Monstress

This is probably about as good on all fronts as comics are currently capable of getting. If that sounds like damning with faint praise, that’s because it is.

Remember like 10 years ago when there was that movie about a woman who was a monster, and it was called Monster because the writers weren’t assholes who felt the need to specify that it was some kind of lesser, vagina-based monster? Good times.

The title of this makes me irrationally angry, in a straw-camel’s-back kind of way. I literally have a visceral reaction to it every time I see it. I’d go as far as to say it’s like 50% of what’s keeping me from reading the second half of the series. And you know, going into it trying to figure out fucking why, I thought, well, maybe she gets called a ‘monstress’ and it’s a commentary on the way the society views women and it’s actually a clever satirical move, but no, the word never appears in the story and the only thing it’s a commentary on is the comic industry’s continuing view of women as other.

Or to put it another way, this is a story in which, after the first issue, I started to count how many times women got called ‘bitch’ because it was so goddamn many and then before the sixth issue lost count and was too angry to go back and check.

The first collected edition of this is actually quite large, pulling together 6 of the current 17 issues, at least two of which are double issues. And for a comic, it’s coherent and competently told. The artist is Japanese, which means there was actual effort put into every panel and some semblance of art direction (edit: WHEW DID I PHRASE THAT POORLY), and the splash images are gorgeous. However, it still tends to run into some usual COMICS problem, like several panels in a row being the same image unchanged, and characters’ dialogue and body language not lining up. But overall it was definitely several cuts above the standard. The pacing is solid, the plot is intelligible, and the characters are identifiable.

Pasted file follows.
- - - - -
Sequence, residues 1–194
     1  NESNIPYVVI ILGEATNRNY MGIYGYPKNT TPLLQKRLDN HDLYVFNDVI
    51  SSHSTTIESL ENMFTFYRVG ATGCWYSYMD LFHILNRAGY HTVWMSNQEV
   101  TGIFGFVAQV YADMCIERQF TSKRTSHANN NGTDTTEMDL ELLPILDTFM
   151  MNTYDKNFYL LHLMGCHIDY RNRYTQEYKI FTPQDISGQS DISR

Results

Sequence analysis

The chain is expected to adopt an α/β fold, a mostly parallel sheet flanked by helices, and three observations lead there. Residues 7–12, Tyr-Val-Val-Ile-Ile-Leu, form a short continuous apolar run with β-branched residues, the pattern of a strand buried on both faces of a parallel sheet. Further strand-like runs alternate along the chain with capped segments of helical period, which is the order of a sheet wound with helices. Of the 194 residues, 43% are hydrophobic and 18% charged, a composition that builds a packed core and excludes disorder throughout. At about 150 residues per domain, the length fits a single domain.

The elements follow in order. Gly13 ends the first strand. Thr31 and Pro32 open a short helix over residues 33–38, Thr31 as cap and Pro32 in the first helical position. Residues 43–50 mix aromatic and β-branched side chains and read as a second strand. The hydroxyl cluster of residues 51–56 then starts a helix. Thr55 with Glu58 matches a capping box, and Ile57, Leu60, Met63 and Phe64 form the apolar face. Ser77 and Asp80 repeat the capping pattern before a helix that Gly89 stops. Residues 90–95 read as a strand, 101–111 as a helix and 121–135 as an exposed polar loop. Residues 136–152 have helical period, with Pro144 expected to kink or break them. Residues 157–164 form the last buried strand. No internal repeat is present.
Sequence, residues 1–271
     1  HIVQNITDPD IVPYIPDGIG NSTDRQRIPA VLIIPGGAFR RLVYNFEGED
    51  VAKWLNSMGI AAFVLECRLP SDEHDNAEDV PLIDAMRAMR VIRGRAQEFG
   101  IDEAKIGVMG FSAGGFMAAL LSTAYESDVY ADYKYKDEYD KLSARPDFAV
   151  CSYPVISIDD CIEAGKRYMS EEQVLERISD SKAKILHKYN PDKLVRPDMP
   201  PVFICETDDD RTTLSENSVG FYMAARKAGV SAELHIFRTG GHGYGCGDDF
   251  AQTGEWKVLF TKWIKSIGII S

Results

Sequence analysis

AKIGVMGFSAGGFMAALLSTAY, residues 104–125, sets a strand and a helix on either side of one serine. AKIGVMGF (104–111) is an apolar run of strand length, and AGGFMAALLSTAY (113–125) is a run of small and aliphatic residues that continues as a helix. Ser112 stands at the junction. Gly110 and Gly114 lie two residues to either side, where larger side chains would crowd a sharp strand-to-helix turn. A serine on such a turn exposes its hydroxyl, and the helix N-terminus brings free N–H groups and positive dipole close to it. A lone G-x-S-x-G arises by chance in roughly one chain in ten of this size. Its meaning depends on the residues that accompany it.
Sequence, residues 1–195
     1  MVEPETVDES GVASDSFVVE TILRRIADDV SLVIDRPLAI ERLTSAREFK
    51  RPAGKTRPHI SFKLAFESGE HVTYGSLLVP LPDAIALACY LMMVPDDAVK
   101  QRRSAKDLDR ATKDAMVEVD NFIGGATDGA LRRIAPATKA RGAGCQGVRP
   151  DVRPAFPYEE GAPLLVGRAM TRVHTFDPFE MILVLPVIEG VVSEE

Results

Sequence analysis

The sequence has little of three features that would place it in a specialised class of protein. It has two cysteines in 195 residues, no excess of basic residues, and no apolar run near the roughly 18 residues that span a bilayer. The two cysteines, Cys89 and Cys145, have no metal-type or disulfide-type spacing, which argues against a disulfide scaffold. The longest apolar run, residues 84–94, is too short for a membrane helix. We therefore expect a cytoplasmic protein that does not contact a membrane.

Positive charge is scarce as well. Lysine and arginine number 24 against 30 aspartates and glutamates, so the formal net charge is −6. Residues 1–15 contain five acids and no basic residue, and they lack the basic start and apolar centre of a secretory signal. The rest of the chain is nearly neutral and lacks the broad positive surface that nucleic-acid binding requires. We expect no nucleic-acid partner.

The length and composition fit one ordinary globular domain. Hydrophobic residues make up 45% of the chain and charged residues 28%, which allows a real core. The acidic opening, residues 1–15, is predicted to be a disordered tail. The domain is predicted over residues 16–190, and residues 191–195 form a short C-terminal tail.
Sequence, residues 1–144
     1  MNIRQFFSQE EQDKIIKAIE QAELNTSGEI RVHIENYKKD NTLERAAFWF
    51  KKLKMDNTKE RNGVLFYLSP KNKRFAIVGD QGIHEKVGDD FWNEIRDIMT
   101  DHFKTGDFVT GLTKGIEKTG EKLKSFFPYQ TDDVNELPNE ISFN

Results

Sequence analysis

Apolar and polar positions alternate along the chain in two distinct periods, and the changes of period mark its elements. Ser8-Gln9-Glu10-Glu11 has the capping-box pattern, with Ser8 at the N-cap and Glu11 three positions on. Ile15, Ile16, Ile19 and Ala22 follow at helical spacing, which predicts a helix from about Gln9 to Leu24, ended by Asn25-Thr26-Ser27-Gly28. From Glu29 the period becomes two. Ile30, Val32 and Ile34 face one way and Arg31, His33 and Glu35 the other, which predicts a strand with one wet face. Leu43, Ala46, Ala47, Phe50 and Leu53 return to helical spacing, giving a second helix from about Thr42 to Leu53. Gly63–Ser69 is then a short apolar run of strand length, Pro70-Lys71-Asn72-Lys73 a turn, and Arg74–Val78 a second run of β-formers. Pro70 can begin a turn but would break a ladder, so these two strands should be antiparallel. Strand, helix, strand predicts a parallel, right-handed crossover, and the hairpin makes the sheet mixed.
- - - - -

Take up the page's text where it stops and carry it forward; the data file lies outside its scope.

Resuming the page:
But the character design is still COMICS, so there’s tits everywhere (but no nipples NIPPLES ARE EVIL EVERYONE IS JUST HAIRLESS NIPPLELESS BARBIES UNDER THEIR CLOTHING FOREVER). It’s less male-gazey by far than something like, say, Witchblade, but costuming is still whatever the fuck this is. Also, the female church police are called ‘inquisitrixes’ because remember, just because they’re not fucking doesn’t mean they’re not fuckable! If for a single second you thought this might not be for men’s benefit, you were deeply mistaken you fool.

It also has this weird thing going on where there’s like no men anywhere, but the story doesn’t bother to explain it in any way — like, is the reason there’s so much war that they can no longer procreate and it’s supposed to be a plotpoint? Or is the writer just under the impression that the only way to write a story about women is to remove all the men, who would inevitably be better and more interesting? It reminded me a lot of that Nasu quote about how all-girl shonen and the absence of boys vs the presence of girls. That’s what this felt like — the absence of men. And regardless, you have to explain the worldbuilding about something like this. You can’t have a plot point be gods fucking mortals and making babies and then create a world where no procreation can take place. It just doesn’t make sense.